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Bulgaria’s National Revenue Agency was fined BGN 5.1 million by the country’s own Commission for Personal Data Protection.

Why They Were Fined

According to the Commission, the National Revenue Agency suffered a data breach that exposed the private data of more than five million Bulgarian citizens. The Commission found that the National Revenue Agency had not adequately protected this information and, therefore, had violated the GDPR.

How They Responded

The Agency did not appeal the decision and paid the fine out of its own budget. This case is likely the first case in which a government had to pay a fine for violating the data protection rights of its citizens.

Biggest GDPR Fines in 2018

In the first year of the GDPR’s existence, fines were relatively rare. That doesn’t mean they weren’t issued, though.

Even while many businesses did their best to comply with the laws, the EU issued multiple fines against organizations that were clearly not following the GDPR’s requirements.

The two biggest GDPR fines of 2018 were:

1. Barreiro Montijo Hospital — €400,000 ($441,000)

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While fines did not get excessively high in 2018, they did hit six figures.

The first hospital GDPR fine was also the highest penalty of 2018. The Portuguese data protection authority, Comissão Nacional de Proteção de Dados (CNPD), leveled a €400,000 fine against the Barreiro Montijo Hospital just outside of Lisbon.

Why They Were Fined

The CNPD issued the fine after investigating the hospital’s control over patient data. It found that Barreiro Montijo did not appropriately restrict access to the information stored in its patient management system.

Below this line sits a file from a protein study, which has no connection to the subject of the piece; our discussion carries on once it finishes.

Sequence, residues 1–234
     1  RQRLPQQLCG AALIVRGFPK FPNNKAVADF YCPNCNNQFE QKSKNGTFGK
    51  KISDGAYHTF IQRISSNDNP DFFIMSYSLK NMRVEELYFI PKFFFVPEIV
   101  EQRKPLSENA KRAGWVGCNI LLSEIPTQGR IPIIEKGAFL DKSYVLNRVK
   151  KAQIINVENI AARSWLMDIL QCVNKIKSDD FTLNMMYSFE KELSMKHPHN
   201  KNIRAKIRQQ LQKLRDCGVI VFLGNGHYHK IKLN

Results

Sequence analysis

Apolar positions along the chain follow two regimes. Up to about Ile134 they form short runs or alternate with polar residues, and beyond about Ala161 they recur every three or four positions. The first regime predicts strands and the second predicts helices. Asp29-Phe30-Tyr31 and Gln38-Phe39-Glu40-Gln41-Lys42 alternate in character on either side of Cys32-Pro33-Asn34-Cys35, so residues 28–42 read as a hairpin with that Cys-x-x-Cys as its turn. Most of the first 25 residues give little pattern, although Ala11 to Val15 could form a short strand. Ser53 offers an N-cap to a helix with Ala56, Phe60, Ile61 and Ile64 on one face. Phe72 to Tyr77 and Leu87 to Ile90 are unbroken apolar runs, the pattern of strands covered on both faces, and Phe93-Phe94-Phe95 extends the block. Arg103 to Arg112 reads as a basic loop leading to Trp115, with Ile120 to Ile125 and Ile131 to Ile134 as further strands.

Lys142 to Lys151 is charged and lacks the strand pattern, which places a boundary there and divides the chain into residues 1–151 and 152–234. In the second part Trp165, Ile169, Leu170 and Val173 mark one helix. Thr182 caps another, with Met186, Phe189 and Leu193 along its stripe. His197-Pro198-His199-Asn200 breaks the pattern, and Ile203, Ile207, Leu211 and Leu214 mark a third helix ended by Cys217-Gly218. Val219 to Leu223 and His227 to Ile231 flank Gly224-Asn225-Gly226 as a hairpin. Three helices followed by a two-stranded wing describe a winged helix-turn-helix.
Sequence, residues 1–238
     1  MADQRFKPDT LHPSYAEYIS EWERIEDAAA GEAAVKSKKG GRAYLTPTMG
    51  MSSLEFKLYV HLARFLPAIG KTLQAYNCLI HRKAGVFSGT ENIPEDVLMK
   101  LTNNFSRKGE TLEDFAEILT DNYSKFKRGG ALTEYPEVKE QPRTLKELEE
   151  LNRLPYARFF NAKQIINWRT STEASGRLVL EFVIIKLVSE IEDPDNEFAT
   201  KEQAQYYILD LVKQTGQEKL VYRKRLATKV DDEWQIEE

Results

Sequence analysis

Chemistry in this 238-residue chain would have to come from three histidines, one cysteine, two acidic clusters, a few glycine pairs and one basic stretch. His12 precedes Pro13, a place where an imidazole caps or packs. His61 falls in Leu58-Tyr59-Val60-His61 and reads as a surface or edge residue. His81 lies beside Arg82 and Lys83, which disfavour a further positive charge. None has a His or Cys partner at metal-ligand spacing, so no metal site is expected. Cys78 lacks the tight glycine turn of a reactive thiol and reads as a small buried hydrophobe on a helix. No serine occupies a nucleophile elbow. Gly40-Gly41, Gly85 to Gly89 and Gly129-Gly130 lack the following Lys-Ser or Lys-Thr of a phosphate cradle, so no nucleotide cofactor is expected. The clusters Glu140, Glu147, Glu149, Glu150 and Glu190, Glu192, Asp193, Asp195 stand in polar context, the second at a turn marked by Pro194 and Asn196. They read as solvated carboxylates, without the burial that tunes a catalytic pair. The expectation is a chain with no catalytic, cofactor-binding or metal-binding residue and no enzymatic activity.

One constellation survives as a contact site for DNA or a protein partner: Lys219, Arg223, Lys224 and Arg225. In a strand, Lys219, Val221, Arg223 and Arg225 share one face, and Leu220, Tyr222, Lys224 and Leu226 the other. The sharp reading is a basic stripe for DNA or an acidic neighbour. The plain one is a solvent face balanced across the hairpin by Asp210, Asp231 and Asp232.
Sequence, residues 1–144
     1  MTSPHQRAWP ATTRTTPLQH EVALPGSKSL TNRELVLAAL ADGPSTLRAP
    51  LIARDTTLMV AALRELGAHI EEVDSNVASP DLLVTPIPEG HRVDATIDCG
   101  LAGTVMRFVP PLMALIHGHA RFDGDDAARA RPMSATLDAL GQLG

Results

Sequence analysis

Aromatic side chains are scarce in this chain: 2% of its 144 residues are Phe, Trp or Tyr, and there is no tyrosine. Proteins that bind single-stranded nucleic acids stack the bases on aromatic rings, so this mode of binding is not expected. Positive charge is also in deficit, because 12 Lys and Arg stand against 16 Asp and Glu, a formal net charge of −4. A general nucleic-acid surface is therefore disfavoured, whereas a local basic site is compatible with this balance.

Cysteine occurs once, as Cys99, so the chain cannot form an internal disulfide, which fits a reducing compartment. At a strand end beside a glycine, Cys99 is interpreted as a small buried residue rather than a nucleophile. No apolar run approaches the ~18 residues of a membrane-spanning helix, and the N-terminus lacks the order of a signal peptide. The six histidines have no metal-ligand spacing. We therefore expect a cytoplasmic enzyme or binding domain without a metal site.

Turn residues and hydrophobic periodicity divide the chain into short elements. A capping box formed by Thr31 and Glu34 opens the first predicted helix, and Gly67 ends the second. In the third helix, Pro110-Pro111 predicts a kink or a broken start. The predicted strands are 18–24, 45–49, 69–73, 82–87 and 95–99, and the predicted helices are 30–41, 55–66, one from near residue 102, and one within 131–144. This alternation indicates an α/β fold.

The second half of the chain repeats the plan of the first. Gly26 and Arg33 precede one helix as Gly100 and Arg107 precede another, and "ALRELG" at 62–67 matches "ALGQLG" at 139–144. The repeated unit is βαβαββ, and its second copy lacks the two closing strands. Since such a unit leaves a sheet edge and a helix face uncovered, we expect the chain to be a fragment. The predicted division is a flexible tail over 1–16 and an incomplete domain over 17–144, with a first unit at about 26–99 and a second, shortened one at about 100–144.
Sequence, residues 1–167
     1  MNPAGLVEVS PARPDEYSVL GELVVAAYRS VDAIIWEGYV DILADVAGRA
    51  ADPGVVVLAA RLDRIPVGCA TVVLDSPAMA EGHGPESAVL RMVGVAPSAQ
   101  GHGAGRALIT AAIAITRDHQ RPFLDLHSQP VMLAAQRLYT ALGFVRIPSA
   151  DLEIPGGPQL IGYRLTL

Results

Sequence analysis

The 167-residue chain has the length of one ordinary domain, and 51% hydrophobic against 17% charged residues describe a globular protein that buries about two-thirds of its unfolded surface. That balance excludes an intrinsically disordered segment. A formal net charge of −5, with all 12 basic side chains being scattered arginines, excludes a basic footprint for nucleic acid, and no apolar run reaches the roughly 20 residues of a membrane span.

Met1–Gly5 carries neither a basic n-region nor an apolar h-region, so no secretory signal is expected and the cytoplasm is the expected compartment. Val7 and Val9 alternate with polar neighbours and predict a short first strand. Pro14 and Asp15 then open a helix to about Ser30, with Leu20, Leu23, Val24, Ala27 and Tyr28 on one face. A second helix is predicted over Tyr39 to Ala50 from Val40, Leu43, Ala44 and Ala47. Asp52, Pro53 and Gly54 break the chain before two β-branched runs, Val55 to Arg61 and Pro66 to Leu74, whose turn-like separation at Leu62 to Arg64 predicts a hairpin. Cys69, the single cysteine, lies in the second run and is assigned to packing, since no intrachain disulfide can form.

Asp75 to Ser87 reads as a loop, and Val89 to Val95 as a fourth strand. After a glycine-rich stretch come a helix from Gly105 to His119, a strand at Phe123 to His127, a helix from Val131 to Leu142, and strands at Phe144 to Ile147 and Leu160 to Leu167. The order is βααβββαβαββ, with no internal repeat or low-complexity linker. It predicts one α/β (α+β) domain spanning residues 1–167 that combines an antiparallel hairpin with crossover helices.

According to the agency, 985 hospital employees had full access to sensitive patient health information, despite just 296 physicians with the appropriate medical clearance working for the hospital. Furthermore, nine social workers and a test profile had similar full, unrestricted access to patient data.

How They Responded

The hospital appealed the ruling, claiming that the CNPD did not have the authority to issue the fine. However, the decision was upheld.

2. Knuddels.de — €20,000 ($22,000)

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The other significant GDPR fine of 2018 was issued to Knuddels.de, a German chat service.

Why They Were Fined

The Baden-Württemberg data protection authority (LfDI) issued a €20,000 fine after the service suffered a data breach that allowed cybercriminals access to unencrypted user information.

The service ultimately failed to encrypt critical information such as usernames and passwords. As a result, between 300,000 and 1.8 million sets of login credentials got compromised in the breach.

How They Responded

The LfDI considered issuing a higher fine, but Knuddels.de took swift action to resolve the breach.

As a result, the LfDI was relatively lenient and only required the €20,000 fine. For this reason, Knuddels.de did not appeal the decision.

GDPR Compliance Is Essential

Many data privacy statistics show that consumers increasingly demand transparency, so it is more important than ever to comply with data privacy laws. Any business with a website that targets EU citizens needs to comply with the GDPR or face dramatic fines.

Organizations as diverse as government agencies, hospitals, and massive corporations have all had their violations identified and penalized to the tune of thousands, millions, or tens of millions of euros.

That’s why your organization must comply with the GDPR. You can begin complying today by getting in touch with Termly.

Whether you need a privacy policy, a cookie consent manager, or a complete compliance solution, Termly can help.

Masha Komnenic CIPP/E, CIPM, CIPT, FIP
More about the author

Written by Masha Komnenic CIPP/E, CIPM, CIPT, FIP

Masha is an Information Security and Data Privacy Specialist and a Certified Data Protection Officer. She has been a Data Protection Officer for the past six years, helping small and medium-sized enterprises achieve legal compliance. She has also been a privacy compliance mentor to many international business accelerators. She specializes... More about the author